Rice U. students develop "smart seat" for toddlers - New York News

Rice U. students develop "smart seat" for toddlers

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ATLANTA -

As the weather continues to warm up, things can turn dangerous for children. Earlier this month, a Clarkston toddler died after being trapped in a hot vehicle. Investigators believe the 2-year old may have crawled into the car after a door was left open. It was an hour before family members found her and she died later at the hospital. Since 2010, seven children in Georgia have died of heatstroke after being left unattended in cars.

Unfortunately, increased awareness alone isn't enough to prevent these tragedies. Now some students at Rice University in Houston are working on a monitoring device that connects to the car seat and could help save young lives.

It only takes minutes for a car to heat up to lethal temperatures. For three hours, a Houston, Texas one- year old known as Ray Ray slowly suffered, strapped in her car seat in the blistering heat. Late to work, Ray Ray's doting dad went on autopilot and forgot to drop her off at daycare. She never made it out alive. "He lives in his own personal hell nearly every minute of every day. And that's worse punishment than jail time, a fine, community service," explains Kristie Cavalier, Ray Ray's mother.

On the engineering floor at Rice University, in Houston a group of student believes their "smart" car seat shouldn't be dismissed.

"It's an accessory you can put on any car seat and it's able to alert the parent they've left their baby in the car," says Rice University student Margaret Dieudonne.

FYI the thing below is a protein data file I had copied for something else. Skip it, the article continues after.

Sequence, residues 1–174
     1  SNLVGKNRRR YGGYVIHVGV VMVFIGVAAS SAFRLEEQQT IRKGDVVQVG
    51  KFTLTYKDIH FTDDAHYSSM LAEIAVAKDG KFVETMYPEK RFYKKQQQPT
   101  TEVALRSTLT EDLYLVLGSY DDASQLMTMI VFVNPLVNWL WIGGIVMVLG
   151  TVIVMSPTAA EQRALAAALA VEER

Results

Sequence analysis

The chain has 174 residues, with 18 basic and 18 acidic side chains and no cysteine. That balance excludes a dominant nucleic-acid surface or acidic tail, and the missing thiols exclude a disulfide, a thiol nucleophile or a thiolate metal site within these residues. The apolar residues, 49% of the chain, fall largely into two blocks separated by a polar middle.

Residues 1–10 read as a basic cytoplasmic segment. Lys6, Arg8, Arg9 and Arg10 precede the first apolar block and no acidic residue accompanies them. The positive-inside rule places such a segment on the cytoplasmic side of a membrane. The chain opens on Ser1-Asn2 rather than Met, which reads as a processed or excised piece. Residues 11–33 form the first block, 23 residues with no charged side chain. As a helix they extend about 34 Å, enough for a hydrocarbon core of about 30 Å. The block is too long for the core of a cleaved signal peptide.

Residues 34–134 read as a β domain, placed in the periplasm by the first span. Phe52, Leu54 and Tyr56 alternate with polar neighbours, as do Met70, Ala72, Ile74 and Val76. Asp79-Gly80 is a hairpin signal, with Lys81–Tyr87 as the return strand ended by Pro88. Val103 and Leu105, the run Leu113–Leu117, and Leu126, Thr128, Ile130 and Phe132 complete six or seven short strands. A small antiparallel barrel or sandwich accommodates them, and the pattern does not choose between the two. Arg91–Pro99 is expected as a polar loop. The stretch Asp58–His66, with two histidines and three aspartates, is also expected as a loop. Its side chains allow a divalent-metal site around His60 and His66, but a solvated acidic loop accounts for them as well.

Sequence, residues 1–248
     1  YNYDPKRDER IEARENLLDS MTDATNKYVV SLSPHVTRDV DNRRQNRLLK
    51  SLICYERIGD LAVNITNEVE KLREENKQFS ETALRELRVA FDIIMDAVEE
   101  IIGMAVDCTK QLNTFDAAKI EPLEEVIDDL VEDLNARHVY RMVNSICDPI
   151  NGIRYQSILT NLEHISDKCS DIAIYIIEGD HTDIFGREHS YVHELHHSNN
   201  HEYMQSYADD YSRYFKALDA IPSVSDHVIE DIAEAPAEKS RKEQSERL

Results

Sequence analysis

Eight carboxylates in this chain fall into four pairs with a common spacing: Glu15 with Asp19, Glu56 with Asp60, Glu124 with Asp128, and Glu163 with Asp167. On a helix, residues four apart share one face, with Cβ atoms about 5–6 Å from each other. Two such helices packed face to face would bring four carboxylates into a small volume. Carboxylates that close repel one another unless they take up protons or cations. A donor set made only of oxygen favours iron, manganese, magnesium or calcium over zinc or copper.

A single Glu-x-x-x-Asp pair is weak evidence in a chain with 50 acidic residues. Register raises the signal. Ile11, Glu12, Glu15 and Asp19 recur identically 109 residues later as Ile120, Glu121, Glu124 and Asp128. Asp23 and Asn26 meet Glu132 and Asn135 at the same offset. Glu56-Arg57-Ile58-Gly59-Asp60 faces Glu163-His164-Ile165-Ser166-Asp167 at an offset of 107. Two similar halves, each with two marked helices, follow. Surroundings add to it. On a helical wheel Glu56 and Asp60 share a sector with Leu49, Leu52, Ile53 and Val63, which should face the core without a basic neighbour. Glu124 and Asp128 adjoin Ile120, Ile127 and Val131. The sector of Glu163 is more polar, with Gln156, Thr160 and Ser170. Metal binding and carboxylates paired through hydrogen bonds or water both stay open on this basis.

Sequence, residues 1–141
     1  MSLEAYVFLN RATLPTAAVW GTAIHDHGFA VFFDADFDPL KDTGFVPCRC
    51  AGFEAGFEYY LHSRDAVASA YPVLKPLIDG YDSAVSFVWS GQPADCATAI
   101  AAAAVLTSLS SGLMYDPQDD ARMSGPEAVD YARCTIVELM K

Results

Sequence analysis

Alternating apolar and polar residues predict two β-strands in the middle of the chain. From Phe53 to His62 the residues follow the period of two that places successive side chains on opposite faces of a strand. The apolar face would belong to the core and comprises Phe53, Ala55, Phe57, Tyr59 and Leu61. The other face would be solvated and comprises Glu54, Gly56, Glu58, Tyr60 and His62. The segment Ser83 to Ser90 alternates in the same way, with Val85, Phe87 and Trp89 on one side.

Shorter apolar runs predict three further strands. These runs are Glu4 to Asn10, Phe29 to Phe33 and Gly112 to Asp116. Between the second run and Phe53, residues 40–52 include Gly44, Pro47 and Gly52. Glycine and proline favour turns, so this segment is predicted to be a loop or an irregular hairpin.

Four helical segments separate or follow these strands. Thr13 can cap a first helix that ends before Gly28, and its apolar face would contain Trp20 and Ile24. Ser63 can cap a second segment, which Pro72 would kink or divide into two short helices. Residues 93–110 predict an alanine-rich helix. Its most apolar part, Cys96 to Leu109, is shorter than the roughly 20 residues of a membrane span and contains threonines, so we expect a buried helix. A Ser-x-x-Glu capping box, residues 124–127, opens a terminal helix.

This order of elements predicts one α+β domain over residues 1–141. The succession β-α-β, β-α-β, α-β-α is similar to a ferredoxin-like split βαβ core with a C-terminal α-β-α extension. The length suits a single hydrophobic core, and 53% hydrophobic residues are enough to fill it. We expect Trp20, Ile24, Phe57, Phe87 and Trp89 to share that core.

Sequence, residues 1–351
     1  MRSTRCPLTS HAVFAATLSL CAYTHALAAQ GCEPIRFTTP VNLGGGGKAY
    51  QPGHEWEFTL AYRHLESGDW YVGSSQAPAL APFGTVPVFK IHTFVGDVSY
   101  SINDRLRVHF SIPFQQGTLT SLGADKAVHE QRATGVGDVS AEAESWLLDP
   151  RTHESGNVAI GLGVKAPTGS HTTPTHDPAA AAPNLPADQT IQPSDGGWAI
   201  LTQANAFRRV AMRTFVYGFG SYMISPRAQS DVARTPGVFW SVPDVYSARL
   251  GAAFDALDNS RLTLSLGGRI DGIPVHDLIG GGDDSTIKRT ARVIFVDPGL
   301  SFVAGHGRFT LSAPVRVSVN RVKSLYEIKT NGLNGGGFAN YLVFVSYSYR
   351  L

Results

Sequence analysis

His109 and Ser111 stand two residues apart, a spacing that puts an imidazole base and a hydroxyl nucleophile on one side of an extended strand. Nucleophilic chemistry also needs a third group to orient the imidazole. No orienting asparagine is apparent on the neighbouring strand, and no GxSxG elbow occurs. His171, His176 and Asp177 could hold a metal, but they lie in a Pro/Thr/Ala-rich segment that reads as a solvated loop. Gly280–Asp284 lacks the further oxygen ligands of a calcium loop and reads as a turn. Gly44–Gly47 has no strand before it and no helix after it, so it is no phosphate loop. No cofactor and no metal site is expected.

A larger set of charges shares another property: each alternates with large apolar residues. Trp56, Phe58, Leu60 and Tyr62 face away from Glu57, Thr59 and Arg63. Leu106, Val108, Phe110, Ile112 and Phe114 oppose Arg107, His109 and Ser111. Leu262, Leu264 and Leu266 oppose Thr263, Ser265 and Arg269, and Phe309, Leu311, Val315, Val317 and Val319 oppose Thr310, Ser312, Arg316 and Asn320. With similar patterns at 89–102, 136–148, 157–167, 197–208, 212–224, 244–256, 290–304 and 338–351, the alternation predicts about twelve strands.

Parents can add as many phone numbers to the device as they want, and when the car is stopped for more than three minutes, they'll get a text message to check on their child. Lights also flash to get the attention of anyone passing by.

Until now, government studies have determined parent reminder devices aren't reliable because of signal problems and misuse. "A lot of the previous devices were difficult for users to use and we think because our device is portable and able to place on diff car seats, and is easy for user to install and use we think it will be a very easily accessed product.," adds student Meng Wei Ni.

A built-in cooling system is also designed with this seat, to keep the child's temperature down until help arrives. The students hope each year, they can continue to fine tune the device and hopefully one day make it standard in all child car seats.

Next week, Governor Nathan Deal and First Lady Sandra Deal will help get the word out at the capitol about their new campaign, "Look Again." It works to remind parents, caregivers and the rest of the public about the dangers of leaving children alone in vehicles.

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